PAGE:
Under the National Labor
Relations Act, which governs private employees, both the union and the employer
are required to bargain in good faith. The law does not assume, however, that
all negotiations are conducted smoothly and result in agreement on a contract.
The union may call a strike, and management may “lock out” its employees.
In either case, work ceases; workers go without regular pay; and the company
either finds replacement workers or endures a shutdown. In general,
private-sector employers and employees are allowed to accept the risks and
rewards of economic conflict.
government, strikes and lockouts are generally considered an unacceptable risk.
While some state collective bargaining laws allow strikes by nonessential
PERA prohibits both strikes and lockouts without exception.
In most cases where
negotiations reach a stalemate, PERA calls for the state to mediate the
dispute, beginning with the appointment of a mediator by the Michigan
Employment Relations Commission. When the employer is a school district, PERA
also provides for a fact-finding process, which the parties may agree to enter.
If these dispute resolution procedures fail to bring about an agreement, the
employer may implement its final offer of settlement — often referred to as its
“last, best offer.” (There is one important exception to the
“last, best offer” rule: In case of contract disputes involving police and fire
personnel, state law provides for binding arbitration.)
While PERA prohibits strikes,
that prohibition has been flouted, most notably by unions representing
schoolteachers. The remedies for illegal strikes have often proved inadequate:
Court injunctions are defied, and striking workers have been able to wring
concessions from their government employer before returning to work. For
instance, in 2006, striking teachers in Detroit were able to limit concessions
after an illegal strike. Unions have also used strike threats to
pressure districts into using the Michigan Education Special Services
Association as an insurance provider, or to prevent school districts from
establishing employee contributions to health care costs.
Strikes remain a threat because
the law provides inadequate penalties and inadequate enforcement mechanisms.
The law provides no particular penalty for most government employees who engage
in a strike, although school employees may be docked a full day’s pay (which
may not be made up at the end of the school year) for every day on strike. The
law also provides for a $5,000 penalty to be assessed against a union that
calls a strike.
These penalties have proved
inadequate. The fines are modest for union organizations that draw in hundreds
of millions of dollars annually in membership dues, and individual teacher
penalties are difficult to levy because each teacher is entitled to an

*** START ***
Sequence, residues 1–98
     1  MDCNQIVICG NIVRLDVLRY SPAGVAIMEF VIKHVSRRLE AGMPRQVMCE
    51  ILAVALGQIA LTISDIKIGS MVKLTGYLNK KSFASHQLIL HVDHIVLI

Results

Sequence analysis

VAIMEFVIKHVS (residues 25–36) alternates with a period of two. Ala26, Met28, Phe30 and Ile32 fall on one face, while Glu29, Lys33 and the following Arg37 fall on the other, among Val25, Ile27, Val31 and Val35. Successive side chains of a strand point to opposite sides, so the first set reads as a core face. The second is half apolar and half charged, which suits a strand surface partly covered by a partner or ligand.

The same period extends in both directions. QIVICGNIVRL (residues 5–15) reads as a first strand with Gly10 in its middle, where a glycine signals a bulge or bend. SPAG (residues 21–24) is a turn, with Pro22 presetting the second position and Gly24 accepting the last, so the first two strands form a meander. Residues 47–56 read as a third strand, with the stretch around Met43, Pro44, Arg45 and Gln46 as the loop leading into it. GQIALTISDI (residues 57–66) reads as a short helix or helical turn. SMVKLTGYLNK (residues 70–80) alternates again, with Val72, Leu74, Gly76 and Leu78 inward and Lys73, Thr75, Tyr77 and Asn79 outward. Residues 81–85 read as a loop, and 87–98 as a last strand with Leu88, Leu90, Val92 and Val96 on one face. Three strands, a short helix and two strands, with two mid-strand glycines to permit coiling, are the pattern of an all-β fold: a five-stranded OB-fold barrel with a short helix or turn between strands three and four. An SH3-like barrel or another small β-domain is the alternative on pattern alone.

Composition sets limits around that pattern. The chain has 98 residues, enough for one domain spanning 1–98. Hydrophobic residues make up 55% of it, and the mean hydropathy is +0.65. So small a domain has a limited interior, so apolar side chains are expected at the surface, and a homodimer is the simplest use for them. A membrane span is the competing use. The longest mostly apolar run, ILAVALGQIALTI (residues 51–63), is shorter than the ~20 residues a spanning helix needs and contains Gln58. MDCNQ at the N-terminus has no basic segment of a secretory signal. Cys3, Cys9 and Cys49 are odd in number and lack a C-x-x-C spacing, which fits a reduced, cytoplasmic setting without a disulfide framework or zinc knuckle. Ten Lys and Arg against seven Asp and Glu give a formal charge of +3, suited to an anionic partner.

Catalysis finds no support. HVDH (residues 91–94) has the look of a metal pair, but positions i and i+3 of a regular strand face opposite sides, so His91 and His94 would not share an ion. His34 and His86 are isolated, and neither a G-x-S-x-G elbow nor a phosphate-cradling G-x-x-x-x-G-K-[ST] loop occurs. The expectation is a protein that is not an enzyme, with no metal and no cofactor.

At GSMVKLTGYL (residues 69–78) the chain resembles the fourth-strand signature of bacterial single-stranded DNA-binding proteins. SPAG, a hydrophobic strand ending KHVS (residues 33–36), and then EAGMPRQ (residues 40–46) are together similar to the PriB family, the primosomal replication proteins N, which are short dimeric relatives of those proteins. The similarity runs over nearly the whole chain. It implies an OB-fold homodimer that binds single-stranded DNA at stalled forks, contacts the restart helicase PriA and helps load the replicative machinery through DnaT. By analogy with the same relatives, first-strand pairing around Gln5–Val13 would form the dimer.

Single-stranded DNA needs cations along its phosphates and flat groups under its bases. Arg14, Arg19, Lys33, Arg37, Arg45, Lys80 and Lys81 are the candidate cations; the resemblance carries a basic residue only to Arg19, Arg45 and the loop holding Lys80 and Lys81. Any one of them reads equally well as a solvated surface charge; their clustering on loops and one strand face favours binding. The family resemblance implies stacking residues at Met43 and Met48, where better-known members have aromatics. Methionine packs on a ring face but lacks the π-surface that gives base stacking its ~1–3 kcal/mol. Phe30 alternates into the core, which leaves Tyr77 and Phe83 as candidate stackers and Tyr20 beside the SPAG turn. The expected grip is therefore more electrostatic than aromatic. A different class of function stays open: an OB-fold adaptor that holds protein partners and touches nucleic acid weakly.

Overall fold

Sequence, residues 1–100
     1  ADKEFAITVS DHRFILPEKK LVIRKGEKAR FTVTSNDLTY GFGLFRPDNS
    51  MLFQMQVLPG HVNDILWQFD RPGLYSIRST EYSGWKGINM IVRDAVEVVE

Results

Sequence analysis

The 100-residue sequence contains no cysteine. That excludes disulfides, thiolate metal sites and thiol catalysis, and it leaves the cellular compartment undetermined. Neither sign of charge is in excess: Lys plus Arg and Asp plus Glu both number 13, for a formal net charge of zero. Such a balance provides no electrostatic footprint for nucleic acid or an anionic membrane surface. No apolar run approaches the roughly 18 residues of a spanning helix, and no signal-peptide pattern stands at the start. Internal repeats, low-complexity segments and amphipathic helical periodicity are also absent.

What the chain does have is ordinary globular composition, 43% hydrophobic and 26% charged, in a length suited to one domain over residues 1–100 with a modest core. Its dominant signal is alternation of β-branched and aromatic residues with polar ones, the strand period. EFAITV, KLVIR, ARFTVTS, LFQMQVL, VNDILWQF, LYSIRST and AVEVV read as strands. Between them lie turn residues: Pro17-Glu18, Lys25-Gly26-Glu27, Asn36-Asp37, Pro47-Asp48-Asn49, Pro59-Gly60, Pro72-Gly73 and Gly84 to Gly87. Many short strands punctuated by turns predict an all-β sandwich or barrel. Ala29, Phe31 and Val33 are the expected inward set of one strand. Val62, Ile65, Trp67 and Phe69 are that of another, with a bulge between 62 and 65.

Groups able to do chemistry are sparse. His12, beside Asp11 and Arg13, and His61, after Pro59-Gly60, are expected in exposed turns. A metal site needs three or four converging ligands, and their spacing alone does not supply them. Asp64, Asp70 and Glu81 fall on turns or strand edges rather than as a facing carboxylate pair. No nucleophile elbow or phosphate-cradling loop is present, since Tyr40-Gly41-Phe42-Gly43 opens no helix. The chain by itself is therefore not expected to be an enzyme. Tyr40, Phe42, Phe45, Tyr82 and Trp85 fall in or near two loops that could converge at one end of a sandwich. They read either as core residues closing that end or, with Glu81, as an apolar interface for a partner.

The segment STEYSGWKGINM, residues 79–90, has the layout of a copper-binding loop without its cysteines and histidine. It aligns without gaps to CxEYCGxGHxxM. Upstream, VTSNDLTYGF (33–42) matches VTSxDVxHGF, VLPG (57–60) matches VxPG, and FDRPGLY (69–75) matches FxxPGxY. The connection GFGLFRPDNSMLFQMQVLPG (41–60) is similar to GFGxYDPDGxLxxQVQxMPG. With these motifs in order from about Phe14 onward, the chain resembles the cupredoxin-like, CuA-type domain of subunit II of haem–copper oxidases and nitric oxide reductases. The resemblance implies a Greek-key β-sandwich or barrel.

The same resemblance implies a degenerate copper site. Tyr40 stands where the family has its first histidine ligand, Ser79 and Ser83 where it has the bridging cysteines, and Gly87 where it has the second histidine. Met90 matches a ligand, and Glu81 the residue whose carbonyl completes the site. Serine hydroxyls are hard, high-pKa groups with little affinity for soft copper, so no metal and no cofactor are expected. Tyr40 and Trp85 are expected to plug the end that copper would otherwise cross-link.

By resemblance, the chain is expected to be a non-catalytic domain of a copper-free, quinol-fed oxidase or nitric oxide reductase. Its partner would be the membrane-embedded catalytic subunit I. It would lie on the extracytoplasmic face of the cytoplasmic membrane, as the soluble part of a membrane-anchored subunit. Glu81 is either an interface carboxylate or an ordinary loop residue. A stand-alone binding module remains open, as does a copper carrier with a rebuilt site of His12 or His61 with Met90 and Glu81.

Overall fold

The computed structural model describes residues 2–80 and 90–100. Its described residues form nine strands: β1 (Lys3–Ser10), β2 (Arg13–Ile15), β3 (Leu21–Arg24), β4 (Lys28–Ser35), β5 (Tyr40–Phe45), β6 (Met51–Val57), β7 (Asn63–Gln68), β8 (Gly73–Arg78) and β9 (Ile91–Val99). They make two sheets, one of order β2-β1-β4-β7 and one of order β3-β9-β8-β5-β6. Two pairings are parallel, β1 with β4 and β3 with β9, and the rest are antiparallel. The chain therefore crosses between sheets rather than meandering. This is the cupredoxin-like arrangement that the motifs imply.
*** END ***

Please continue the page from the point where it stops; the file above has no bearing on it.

individual hearing before a circuit court judge before being penalized.
Fortunately, strikes by
teachers are less common than they have been in the past, but collective
bargainers are subject to a wide range of pressures, and all of those pressures
can affect the course of bargaining. Over time, a credible strike threat can
cause a negotiator to make concessions he or she might not have made otherwise,
even if a strike is never called. When the Legislature decided to include a
strike prohibition, it is unlikely that it intended unions to be in a position
to hold a strike threat over the heads of local officials. Even if strikes are
rarely called, the failure of current law to provide an effective remedy is
potentially a very costly vulnerability for local governments and taxpayers.
The solution is a stiffer
penalty directed toward the party responsible for a strike. Collective
bargaining in the government sector is a privilege, not a right, and an illegal
strike is perhaps the ultimate abuse of the bargaining privilege. Hence, the
proper penalty for striking is the withdrawal of recognition from the union:
Abuse the privilege, lose the privilege. This penalty should be enforceable in
court by any person affected by the strike, including parents of children
enrolled in a school district, and should terminate for at least one year
collective representation, bargaining and the collection of union dues.[†]
the rationale is different, this decertification penalty should apply even in
the event of a “wildcat” strike — i.e., a strike undertaken by bargaining unit
members without the approval of union officials. Even if union leaders oppose
the wildcat action, union recognition is premised on the understanding that a
majority of bargaining unit members support the union and wish to have it
represent them. In a wildcat strike, the strikers’ support of the union itself
is in serious doubt. Wildcat strikers are taking a precipitous and illegal
workplace action in open defiance of their supposed representatives. At some
point, it is the union’s responsibility to ensure that the persons it
represents meet their legal responsibilities. If it cannot, it is entirely
reasonable to conclude it has lost worker support and should forfeit its
collective bargaining authority.
[*] Three examples are Ohio (see ORC
4117.14(D)(2)), Illinois (5 ILCS 315/17) and Minnesota (Minn Stats 179A.18).
[†] At the time of this writing, Michigan Supreme
Court standing rules would allow this legislative expansion of standing.